Compared to the rest of the world, Japan has a lower ratio of female directors and top managers. Industry is working with investors and the government to change that situation.

The 30% Club, founded in the United Kingdom with the goal of increasing the ratio of women in top management, began active operations in Japan this May. Masahiko Uotani, president and CEO of Shiseido and elected as the first chair of 30% Club Japan in July, explained “The gender gap in Japan is serious. Resolving this issue and improving diversity will facilitate long-term corporate growth.”

Shiseido President and CEO Masahiko Uotani (center), elected as first chair of the 30% Club Japan.
Shiseido President and CEO Masahiko Uotani (center), elected as first chair of the 30% Club Japan.

The lowest ratio of female corporate officers of any G7 nation

The Abe administration is promoting increased social participation by women as part of its growth strategy. It enacted the Act on Promotion of Women's Participation and Advancement in the Workplace in 2016, achieving some successes such as an increase of about 2.88 million women employed over a six-year span, but the gender gap is still far wider than the global standard. The Global Gender Gap Index issued by the World Economic Forum places Japan as 110 out of 149 nations.

Some 13.2% of management positions in Japan are held by women, significantly lower than the 43.8% of the United States, or 36% of the UK. The ratio of female officers is even lower, only 3.4%, the lowest ratio of any of the G7 nations.

The 30% Club Japan plans to work closely with industry, institutional investors, government, and media to boost the ratio of women in leadership positions. Specifically, the Club hopes to increase the ratio of female officers among the TOPIX 100 companies to 10% by 2020, and 30% by 2030. This will not be an easy task, given that the ratio in 2018 was only 7.6%, with 25 companies on the list showing zero female officers.

One reason for the interest in improving the ratio of women in top management is an increase in ESG-driven investment. Many investors evaluating firms on Environmental, Social, and Governance issues feel that increasing diversity on the board strengthens oversight and risk management, contributing to better ratings.

Last year the Japanese Cabinet Office surveyed institutional and other investors supporting the Stewardship Code, and about 70% of respondents revealed interest in participation by women in company operations because it had a “long-term effect on corporate performance.”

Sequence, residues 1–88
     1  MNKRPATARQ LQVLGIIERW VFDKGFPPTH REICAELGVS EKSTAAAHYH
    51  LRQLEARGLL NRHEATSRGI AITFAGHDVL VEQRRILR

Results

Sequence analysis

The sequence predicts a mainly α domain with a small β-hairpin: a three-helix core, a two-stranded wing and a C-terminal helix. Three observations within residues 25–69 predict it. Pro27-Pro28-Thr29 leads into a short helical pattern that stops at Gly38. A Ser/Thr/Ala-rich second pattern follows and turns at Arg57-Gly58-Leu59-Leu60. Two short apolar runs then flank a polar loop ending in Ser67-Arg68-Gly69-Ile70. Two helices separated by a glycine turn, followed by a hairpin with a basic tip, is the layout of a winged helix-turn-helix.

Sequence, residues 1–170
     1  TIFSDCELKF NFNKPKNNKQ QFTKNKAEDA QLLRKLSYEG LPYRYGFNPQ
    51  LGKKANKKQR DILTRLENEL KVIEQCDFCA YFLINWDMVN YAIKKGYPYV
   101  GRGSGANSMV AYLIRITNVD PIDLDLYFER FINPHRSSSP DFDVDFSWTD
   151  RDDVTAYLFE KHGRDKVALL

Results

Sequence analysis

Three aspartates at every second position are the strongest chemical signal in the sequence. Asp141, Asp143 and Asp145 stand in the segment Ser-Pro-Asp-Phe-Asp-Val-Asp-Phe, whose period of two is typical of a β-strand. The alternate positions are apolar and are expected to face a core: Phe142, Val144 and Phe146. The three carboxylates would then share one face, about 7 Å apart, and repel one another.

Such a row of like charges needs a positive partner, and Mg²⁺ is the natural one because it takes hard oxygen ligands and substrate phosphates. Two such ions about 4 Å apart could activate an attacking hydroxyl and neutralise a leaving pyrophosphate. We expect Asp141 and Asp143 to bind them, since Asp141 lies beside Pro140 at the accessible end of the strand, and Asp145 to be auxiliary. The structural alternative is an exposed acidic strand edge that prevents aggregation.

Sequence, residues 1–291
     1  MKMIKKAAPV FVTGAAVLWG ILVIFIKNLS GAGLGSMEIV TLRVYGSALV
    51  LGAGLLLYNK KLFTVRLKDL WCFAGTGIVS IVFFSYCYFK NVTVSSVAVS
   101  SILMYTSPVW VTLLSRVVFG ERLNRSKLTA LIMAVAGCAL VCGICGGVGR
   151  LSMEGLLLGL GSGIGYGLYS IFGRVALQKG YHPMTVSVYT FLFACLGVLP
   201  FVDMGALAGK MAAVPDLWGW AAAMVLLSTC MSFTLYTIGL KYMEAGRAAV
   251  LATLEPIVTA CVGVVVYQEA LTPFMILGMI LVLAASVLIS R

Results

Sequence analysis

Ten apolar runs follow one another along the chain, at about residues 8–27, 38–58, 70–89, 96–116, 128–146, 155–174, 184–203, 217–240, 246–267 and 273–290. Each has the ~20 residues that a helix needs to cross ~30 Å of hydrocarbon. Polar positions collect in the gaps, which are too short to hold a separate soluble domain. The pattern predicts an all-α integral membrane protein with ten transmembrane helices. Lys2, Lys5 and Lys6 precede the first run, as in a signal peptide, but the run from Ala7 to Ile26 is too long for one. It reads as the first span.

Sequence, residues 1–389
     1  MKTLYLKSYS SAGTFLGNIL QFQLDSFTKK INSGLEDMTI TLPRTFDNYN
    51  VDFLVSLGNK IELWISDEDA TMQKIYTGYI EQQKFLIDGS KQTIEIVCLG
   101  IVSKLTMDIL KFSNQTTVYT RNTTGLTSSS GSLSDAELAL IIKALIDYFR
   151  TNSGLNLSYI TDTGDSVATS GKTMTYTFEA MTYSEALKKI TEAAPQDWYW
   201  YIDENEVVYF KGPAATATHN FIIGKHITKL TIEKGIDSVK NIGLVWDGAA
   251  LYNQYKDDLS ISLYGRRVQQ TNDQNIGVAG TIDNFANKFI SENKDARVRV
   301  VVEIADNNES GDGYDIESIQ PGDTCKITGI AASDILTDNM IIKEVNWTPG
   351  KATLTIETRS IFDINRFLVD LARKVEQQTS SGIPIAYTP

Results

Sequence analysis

There is hard data that backs up the positive effect of women on performance, too. A report released by McKinsey & Company last year, for example, shows that companies with more women in management deliver higher profitability than with fewer.

Shutting out companies with no female directors

Investor demands for female officers are rising. American investment major State Street Global Advisors, for example, votes “No” in elections for chairman and president when there are no women directors. Glass, Lewis & Company, an American proxy advisory service, has requested a hundred companies on the first section of the Tokyo Stock Exchange to elect a female officer.

Sumitomo Mitsui Trust Asset Management, a member of the 30% Club Japan, is working with other institutional investors to create more female officers in Japanese corporations. According to Hiroyuki Horii, executive officer and chief stewardship officer there, “Increasing the ratio of women in management is a crucial part of enhancing corporate governance. We are working with other institutional investors to promote the change.”

As demands from investors continue to intensify, companies are moving to elect women to the board. As of July 17, 2019, 37 of the members of the 30% Club Japan are top management from TOPIX 100 firms, including chair Masahiko Uotani, president of Shiseido; Ajinomoto president Takaaki Nishii; chairman Yoshihiko Hatanaka of Astellas Pharma; and Yoshinori Isozaki, president of Kirin Holdings.

Before the number of female officers can be increased, women must be trained through management positions. This will probably require a significant change in perceptions by the Japanese themselves, as many women decline promotions because of perceived difficulty in balancing work and home life.

Shiseido, which has been empowering its female employees for years, requires each department manager to groom three possible successors, at least one of whom must be female—preferably two. President Uotani says “Top management is the key. We want to share our experiences, including our failures, with other companies.”

In June 2019 the G-20 meeting was held in Osaka, Japan, and participants discussed empowerment of women, later releasing a declaration calling for programs to accelerate the entry of women into the workforce, improve education of girls and women, and support female entrepreneurs.

Private enterprise plays a crucial role in driving expanded participation by women in society and industry. It will not be sufficient to merely hire more female officers and managers; a revolution in the whole approach to enhancing corporate value is needed.